Mindfulness comes with practice, but making it a regular part of your routine takes a bit of hard work. Keep it priming effect Keep in mind, set reminders like alarms on your phone, or keep meditation-related items, like a yoga mat or cushions, around you. So whenever you pass them, they invite you to sit down for your daily practice. You can also try creating patterns like taking a deep breath each time you enter your workspace.
Among its many benefits, meditation not only reduces stress and anxiety levels, but also improves health and concentration and helps with addiction issues. It soothes physical and mental pain, also bringing about emotions of benevolence.
Posture, place, outfit and duration
Although there is no specific place, as usually seen in the photos (under a tree, on a beach or near the mountains), you can sit in a comfortable position anywhere. However, be sure to position yourself upright with your back straight on a chair, cushion, floor, or wherever feels comfortable. Keep your neck relaxed and your hands on your lap or knees for comfort.
When it comes to clothes, Head space suggests you can choose to wear nothing if you’re in the privacy of your home, or wear something loose so you can feel relaxed while you just focus on your thoughts and do mindful breathing.
If you wish to set a time, you can do so at your convenience, but ideally ten minutes is recommended for beginners in meditation, in accordance with Head space. You can gradually increase the length of the meditation session to 15 or 20 minutes once you have trained your mind well.
However, if ten minutes feels like too long or you start to lose focus, try four to five minutes first to tame your wandering mind and increase it with practice.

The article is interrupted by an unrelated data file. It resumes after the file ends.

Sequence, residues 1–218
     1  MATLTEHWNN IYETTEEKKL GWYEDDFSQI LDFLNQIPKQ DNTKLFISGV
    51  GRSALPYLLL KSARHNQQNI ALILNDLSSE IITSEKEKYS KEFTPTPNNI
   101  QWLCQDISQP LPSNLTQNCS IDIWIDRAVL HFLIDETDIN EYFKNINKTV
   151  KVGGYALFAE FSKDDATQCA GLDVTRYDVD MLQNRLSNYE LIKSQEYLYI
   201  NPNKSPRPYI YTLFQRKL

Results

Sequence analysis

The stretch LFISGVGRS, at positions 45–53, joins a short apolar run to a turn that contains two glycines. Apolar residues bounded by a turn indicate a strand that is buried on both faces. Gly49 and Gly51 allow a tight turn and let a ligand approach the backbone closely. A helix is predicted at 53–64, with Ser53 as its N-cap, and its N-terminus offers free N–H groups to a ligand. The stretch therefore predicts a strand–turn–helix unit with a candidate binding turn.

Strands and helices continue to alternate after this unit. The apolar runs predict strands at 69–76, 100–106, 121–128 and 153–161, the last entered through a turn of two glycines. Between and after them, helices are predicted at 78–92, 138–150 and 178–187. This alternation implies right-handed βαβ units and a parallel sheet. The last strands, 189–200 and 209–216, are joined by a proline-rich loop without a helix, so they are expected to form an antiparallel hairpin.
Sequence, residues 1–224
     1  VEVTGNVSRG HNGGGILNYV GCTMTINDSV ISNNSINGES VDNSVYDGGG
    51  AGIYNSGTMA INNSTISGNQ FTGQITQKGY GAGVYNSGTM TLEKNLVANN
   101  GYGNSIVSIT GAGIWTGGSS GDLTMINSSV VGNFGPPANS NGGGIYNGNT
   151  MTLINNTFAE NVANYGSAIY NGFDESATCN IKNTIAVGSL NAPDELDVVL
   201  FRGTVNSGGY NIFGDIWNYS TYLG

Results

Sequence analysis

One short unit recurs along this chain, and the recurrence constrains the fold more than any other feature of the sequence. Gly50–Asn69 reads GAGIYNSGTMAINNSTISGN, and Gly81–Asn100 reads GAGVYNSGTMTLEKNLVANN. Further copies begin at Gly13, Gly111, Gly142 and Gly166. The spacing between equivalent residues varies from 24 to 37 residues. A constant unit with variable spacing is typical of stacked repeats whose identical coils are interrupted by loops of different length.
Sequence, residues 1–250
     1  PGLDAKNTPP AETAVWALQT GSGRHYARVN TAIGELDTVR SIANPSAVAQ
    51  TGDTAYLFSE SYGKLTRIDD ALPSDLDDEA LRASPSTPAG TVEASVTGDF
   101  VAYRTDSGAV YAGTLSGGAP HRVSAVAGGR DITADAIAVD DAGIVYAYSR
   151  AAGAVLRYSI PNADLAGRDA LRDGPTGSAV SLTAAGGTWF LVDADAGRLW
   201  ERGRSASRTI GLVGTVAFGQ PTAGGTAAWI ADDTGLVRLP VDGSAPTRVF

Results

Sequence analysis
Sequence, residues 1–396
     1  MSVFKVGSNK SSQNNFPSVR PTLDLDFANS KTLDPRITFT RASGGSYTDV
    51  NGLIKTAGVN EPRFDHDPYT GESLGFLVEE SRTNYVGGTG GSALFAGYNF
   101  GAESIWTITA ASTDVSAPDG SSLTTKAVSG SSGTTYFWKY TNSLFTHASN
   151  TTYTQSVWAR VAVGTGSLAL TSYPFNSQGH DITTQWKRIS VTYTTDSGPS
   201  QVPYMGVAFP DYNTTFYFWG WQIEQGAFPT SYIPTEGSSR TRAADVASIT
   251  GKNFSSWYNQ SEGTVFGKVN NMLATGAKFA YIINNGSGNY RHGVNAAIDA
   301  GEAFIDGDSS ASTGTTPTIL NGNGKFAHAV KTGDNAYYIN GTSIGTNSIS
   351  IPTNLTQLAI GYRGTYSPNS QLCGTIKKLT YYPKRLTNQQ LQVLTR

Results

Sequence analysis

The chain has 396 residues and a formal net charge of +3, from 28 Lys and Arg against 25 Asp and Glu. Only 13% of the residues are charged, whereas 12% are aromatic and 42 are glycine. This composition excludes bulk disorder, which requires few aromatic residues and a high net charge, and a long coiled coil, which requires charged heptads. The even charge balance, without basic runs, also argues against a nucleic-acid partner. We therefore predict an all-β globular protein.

Steps to follow
Keeping your mind away from all outside noises and distracting thoughts is indeed a difficult task. However, some meditation practitioners say that you don’t have to keep the noises away, just practice in such a way that the noises or thoughts don’t bother you when you meditate.
Aware believes that “mindfulness is the fundamental human ability to be fully present, aware of where we are and what we are doing, and not overly reactive or overwhelmed by what is happening around us. Although mindfulness is something that we all naturally possess, it is more easily accessible to us when we practice it daily. »
Since this is a gradual process, you need to take it slow at first. Here are some beginner meditation techniques you can keep in mind before starting this practice.
- Once you’re comfortably seated, it should be clear why you want to meditate – to feel happier or manage your stress levels or be more focused or whatever else you want to get out of the meditation exercise.
- Be aware of your posture and your whole body. Try to feel it.
- Try to clear your mind of all thoughts and do conscious breathing.
- If you have any physical or mental concerns, take care of them and tell them to relax. Instead of trying to get rid of them, be aware of the physical sensations and let them gradually fade away.
- mental work suggests that you feel your breath in your belly. Don’t try to analyze your breathing; follow the current. Inhale and exhale.
- If your mind wanders, try to concentrate, but don’t force your mind to. Be firm but gentle in your practice.
- Before getting up, give yourself a moment of peace, thank yourself and the universe for helping you meditate, and return to your daily routine with a refreshed mind.
- It is important to maintain your mindfulness even after meditating so that you can cope with the pressures of everyday life after the sessions.
Various guided meditation courses are also available in line as well as offline. If you find it difficult to practice alone, you can always consult them and register if necessary.
However, even though it may seem repetitive, you must remember that miracles do not happen overnight and you must be patient while trying to perform at your best.